BERLIN (Reuters) - Economic growth in Germany hit a six-year high in 2017 and its public finances posted a record surplus, fuelling hopes of another strong showing in 2018 and sharpening a debate about how its next government should manage the windfall.
Growth reached 2.2 percent, the federal statistics office said on Thursday. That missed a Reuters poll forecast of 2.4 percent but was still the highest since 2011 with consumer spending, boosted by ultra-low borrowing costs, record high employment and rising wages, providing the biggest impetus.
Company investments and exports, the traditional driver of Europe’s largest economy, also contributed as demand for ‘made in Germany’ goods picked up globally and in a euro zone experiencing its broadest recovery in a decade.
With the Ifo institute last month forecasting even faster growth of 2.6 percent for this year, part of the economic spotlight is falling on political leaders as, after months spent failing to form a coalition, they debate how best to build on that momentum.
“Now it is about making sure that the economic shine continues into the future,” said Thomas Gitzel of VP Bank. “Investments are needed. The next government has a big burden. It is time to take action instead of resting on laurels.”
Conservative Chancellor Angela Merkel hopes to form a coalition with the Social Democrats (SPD) but she said on Thursday - the final day of exploratory talks that could lead to formal negotiations - that there were still hurdles to clear.
Despite growth in 11 of the 12 years she has been in power, she has faced accusations of complacency over the economy, and economists and business lobby groups have called for an overhaul of Germany’s burdensome tax system, which some argue has inhibited private sector investments.
Merkel’s CSU/CDU alliance favours cutting taxes to boost the upswing - which it has the fiscal leeway to do - but some economists recommend raising them or leaving them at least unchanged to avoid the risk of a bubble.
The SPD has suggested raising taxes on high earners to fund higher welfare spending and investments in education as well as in better daycare facilities for children.
Ifo’s Timo Wollmershaeuser argued that the European Central Bank’s expansionary policies were providing enough impetus for the German economy already, meaning the next government should defer any plans to cut taxes.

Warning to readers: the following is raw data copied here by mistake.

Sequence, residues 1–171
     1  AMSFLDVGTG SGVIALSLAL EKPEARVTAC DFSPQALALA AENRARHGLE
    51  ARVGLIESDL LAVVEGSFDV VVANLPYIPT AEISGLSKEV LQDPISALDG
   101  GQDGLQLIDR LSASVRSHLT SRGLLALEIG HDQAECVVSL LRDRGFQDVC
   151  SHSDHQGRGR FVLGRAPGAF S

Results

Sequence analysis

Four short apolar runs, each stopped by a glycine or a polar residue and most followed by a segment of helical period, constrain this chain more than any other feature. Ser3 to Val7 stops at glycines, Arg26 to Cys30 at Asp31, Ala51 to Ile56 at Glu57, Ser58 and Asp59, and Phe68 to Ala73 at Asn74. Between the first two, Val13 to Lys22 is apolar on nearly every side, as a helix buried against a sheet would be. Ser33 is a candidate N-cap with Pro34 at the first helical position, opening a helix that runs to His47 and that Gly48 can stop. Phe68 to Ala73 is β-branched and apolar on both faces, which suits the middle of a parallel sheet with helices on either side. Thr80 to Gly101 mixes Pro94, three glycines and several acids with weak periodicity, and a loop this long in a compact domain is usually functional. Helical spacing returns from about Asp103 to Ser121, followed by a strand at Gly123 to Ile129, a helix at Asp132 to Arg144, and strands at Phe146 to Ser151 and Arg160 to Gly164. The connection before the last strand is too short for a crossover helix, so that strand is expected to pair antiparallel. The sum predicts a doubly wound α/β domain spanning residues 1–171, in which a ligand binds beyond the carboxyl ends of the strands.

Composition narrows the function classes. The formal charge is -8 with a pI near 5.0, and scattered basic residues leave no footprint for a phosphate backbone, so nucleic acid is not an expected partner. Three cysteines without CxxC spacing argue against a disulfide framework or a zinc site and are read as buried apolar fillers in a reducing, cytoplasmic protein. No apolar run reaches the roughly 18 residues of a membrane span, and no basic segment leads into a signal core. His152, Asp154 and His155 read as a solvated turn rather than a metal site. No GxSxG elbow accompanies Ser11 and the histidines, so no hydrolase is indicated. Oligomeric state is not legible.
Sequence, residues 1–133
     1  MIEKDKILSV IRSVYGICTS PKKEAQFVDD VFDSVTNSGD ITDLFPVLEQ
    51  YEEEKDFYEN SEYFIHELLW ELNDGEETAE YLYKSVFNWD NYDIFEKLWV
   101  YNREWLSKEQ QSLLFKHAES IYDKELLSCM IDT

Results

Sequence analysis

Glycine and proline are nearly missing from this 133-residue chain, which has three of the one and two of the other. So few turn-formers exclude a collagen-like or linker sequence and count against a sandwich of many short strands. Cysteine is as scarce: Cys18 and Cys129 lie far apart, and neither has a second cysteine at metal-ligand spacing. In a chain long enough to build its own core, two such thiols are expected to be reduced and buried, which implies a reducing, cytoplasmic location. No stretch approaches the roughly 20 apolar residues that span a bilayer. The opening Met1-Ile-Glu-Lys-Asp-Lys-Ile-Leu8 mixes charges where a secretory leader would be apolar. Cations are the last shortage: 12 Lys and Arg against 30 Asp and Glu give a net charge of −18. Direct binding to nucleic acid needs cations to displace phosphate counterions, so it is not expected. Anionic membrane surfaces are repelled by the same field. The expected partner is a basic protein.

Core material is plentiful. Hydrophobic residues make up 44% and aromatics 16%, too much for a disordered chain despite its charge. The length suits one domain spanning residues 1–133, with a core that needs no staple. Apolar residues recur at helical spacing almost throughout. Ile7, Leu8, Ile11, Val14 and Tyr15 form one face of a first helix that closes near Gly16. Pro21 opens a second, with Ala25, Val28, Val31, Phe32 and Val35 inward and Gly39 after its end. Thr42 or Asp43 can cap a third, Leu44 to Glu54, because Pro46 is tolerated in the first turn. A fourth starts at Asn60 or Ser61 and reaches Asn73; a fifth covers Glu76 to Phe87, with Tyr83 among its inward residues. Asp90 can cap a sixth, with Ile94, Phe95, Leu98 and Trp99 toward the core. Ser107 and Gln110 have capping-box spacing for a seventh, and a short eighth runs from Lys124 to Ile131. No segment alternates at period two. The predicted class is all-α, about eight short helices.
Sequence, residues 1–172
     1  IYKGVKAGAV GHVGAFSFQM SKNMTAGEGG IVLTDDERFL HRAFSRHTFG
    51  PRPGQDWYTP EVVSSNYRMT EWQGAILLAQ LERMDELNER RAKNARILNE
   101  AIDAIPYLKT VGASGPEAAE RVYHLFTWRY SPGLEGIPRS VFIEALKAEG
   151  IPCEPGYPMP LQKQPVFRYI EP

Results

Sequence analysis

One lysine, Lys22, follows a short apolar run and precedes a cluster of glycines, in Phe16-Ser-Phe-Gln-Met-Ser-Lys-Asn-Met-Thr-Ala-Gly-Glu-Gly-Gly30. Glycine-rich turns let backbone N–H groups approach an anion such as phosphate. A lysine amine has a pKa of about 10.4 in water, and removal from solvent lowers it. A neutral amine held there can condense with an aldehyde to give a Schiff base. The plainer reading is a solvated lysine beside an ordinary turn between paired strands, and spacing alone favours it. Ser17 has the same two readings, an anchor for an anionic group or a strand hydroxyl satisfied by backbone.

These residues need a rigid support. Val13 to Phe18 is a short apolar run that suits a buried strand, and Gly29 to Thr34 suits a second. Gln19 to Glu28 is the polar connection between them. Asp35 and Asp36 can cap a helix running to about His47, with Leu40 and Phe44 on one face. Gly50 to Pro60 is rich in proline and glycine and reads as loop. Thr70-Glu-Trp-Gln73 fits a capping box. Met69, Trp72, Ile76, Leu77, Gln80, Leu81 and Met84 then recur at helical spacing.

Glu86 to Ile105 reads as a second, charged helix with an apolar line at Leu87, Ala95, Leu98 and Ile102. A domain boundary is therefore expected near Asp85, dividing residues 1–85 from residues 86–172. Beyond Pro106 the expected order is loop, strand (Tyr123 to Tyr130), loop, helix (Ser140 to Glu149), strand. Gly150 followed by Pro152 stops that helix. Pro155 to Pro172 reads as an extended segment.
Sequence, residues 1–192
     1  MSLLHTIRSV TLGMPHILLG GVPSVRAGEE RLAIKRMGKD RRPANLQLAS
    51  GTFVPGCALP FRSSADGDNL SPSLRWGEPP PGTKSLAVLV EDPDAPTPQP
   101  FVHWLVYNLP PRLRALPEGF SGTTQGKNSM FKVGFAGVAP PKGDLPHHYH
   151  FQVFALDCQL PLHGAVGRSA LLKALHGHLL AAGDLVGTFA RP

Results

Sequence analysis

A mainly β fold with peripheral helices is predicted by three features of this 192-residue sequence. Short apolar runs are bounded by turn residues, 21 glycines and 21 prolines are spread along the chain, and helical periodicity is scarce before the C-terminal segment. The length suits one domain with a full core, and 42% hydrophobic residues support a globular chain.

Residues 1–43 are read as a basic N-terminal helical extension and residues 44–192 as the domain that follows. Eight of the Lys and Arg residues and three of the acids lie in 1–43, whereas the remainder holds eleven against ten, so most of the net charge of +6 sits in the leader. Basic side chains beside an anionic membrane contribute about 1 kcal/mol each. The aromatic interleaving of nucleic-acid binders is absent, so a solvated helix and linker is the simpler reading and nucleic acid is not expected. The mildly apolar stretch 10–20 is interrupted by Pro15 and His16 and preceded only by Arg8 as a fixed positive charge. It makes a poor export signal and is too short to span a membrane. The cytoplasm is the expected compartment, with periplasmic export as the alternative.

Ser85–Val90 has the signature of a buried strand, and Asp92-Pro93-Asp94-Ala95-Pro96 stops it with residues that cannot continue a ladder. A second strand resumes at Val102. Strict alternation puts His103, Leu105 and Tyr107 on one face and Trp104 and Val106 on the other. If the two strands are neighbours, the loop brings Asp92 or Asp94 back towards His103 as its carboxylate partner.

“If the economy continues to perform so well, it would be wise to postpone the planned tax cuts and implement them only gradually, ideally not until 2019 when the ECB is likely to turn off its money tap,” Wollmershaeuser said.
But Merkel’s alliance, which lost votes to the far-right in a national election in September, is eager to show households that they too are left with more money in their pockets and not just the government, which has run a surplus since 2014.
Separate statistics office data on Thursday showed the public sector as a whole posted a record surplus of 38.4 billion euros in 2017, making clear just how much wiggle room the government has to trim the tax burden and increase spending.
Merkel has rejected criticism of her handling of the economy, pointing to significant public investments increases in infrastructure and on refugees.
“Above all we need less bureaucracy, more flexibility for companies and more investments in infrastructure and education,” said Martin Wansleben, managing director of the DIHK Chambers of Industry and Commerce.
“Tax relief for companies - and absolutely no way tax increases - are part of a good economic package.”
A breakdown of Thursday’s GDP data showed capital investments were the second-largest growth driver, contributing 0.6 percentage points. Exports contributed 0.2 percentage points.
German inflation also picked up in 2017, hitting a five-year high.
That will feed into a heated debate among ECB rate-setters, who must decide how and when to unwind their asset purchase programme as price pressures across the euro zone gradually increase.
editing by John Stonestreet